Week in Review

In a blow to most air passengers, NPR reports the Federal Aviation Administration has declined to regulate seat size and pitch on airlines. Since 1978, seats have moved 3 inches closer together and average seat width on many airlines has shrunk by 1.5 inches.

According to CNBC, rising jet fuel costs are expected to impact airline profits, making it tough for airlines to win over investors. Jet fuel is nearly 60 percent more expensive than last year, and some airlines may cut their schedules in the fall.

Business Traveller notes Sydney Airport and Qantas have begun trialling new facial recognition technology that enables fliers to check in to flights, drop bags off, and more.

Singapore Airlines will launch the world’s longest flight in October, USA TODAY notes. The Singapore to Newark flight will total 18 hours and 45 minutes.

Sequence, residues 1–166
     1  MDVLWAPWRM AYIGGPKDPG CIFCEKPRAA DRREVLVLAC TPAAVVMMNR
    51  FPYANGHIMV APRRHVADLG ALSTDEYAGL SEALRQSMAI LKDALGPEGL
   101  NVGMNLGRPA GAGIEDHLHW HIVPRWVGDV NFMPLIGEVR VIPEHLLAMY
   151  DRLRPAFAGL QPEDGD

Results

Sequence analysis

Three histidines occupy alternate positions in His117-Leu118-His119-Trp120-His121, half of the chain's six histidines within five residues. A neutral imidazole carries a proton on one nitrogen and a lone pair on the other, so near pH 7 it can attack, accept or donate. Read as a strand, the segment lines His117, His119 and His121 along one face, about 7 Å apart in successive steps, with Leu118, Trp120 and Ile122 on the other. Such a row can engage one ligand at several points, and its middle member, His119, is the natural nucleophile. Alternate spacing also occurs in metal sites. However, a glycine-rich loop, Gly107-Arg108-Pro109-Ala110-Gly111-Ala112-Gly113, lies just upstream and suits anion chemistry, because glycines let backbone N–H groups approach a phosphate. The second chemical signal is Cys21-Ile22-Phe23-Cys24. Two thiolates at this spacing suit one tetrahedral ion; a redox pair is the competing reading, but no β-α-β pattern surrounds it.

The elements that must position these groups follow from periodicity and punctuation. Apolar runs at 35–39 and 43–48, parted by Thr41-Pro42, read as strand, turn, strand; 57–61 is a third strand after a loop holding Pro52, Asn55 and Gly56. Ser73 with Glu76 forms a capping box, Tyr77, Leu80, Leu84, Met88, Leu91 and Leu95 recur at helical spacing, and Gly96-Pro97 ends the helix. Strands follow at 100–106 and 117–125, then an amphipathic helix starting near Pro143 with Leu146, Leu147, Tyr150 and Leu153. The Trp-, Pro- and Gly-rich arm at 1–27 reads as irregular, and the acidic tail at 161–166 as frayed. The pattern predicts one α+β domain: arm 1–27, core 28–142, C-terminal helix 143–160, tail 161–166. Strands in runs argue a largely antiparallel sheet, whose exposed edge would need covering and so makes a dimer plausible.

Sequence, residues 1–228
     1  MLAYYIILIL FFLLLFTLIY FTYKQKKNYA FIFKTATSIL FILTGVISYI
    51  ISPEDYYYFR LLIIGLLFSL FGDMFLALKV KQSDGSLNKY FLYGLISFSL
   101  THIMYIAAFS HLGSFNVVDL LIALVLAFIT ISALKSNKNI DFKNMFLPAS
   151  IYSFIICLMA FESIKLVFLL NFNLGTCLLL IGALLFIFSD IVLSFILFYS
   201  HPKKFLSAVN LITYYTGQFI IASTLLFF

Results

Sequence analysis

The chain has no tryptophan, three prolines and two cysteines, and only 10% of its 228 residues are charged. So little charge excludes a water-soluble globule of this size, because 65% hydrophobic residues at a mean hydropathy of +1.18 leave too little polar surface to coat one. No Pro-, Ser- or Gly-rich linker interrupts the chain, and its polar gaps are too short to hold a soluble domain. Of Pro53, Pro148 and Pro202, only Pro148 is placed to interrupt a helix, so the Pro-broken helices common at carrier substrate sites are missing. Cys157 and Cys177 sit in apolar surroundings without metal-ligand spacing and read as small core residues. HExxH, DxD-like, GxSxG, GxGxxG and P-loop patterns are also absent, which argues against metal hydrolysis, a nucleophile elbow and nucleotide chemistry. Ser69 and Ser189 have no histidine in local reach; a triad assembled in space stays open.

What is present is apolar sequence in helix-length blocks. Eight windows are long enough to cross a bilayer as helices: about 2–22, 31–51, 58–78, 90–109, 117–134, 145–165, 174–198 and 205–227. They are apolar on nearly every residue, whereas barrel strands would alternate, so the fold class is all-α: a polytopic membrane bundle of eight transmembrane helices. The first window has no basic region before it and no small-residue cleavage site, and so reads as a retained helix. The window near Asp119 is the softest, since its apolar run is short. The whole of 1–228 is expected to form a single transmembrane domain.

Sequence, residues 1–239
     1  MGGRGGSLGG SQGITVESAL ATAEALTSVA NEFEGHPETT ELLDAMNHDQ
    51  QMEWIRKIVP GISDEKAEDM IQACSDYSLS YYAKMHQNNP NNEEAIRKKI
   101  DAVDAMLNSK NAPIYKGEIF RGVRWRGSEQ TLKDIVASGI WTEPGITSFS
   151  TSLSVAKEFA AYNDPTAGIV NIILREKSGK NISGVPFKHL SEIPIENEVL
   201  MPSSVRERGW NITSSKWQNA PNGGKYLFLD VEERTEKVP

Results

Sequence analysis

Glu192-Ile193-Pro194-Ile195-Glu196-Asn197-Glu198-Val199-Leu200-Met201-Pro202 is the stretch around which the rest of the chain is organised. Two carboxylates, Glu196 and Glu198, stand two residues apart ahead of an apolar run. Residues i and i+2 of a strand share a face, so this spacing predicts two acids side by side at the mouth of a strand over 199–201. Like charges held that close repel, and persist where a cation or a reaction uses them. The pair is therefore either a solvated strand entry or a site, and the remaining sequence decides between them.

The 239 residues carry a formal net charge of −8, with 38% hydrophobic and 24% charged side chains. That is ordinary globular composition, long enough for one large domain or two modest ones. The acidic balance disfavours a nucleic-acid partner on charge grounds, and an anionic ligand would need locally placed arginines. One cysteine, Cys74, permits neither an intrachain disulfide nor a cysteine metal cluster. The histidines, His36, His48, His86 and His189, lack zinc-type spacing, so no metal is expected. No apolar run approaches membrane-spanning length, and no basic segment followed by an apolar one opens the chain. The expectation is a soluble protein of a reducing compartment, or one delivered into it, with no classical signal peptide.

According to Gulf News, Emirates has become the first airline to introduce VR technology that lets fliers preview seats and the interiors of the plane.

InterContinental Hotel Groups (IHG) completed its acquisition of a 51% stake in Regent Hotels & Resorts in a $39 million USD deal, Conference & Incentive Travel reports.

The Economic Outlook Group’s chief global economist warns that hoteliers should plan for a recession, HotelMarketing’com notes.

According to 4Hoteliers, Chinese conglomerate HNA may sell Radisson Hotel Group. The company acquired the hotel group in 2016.

The construction of Mexico City’s new $13 billion airport is underway, Skift reports. Mexico’s next president is no longer looing to suspend the project.

According to Skift, new research suggests few corporate travel policies specifically address female safety.

This week’s Throwback Thursday post takes a look at major political and travel events in 2011, the year when we officially changed our name from the National Business Travel Association (NBTA) to GBTA.

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